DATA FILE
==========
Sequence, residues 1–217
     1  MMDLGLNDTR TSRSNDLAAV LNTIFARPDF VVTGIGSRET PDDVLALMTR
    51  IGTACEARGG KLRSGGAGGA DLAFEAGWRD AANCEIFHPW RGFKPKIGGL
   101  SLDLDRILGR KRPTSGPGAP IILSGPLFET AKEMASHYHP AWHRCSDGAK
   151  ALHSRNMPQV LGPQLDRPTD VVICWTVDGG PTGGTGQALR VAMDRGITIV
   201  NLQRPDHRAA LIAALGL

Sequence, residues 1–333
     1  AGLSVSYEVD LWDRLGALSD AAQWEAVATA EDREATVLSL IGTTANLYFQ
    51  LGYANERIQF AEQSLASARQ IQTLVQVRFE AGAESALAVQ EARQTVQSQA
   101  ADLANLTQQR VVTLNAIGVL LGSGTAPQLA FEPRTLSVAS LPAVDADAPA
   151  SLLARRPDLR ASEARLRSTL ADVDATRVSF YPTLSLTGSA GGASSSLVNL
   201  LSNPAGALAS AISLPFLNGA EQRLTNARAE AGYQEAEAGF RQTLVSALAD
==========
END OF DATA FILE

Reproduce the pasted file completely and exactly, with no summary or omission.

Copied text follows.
Sequence, residues 1–217
     1  MMDLGLNDTR TSRSNDLAAV LNTIFARPDF VVTGIGSRET PDDVLALMTR
    51  IGTACEARGG KLRSGGAGGA DLAFEAGWRD AANCEIFHPW RGFKPKIGGL
   101  SLDLDRILGR KRPTSGPGAP IILSGPLFET AKEMASHYHP AWHRCSDGAK
   151  ALHSRNMPQV LGPQLDRPTD VVICWTVDGG PTGGTGQALR VAMDRGITIV
   201  NLQRPDHRAA LIAALGL

Sequence, residues 1–333
     1  AGLSVSYEVD LWDRLGALSD AAQWEAVATA EDREATVLSL IGTTANLYFQ
    51  LGYANERIQF AEQSLASARQ IQTLVQVRFE AGAESALAVQ EARQTVQSQA
   101  ADLANLTQQR VVTLNAIGVL LGSGTAPQLA FEPRTLSVAS LPAVDADAPA
   151  SLLARRPDLR ASEARLRSTL ADVDATRVSF YPTLSLTGSA GGASSSLVNL
   201  LSNPAGALAS AISLPFLNGA EQRLTNARAE AGYQEAEAGF RQTLVSALAD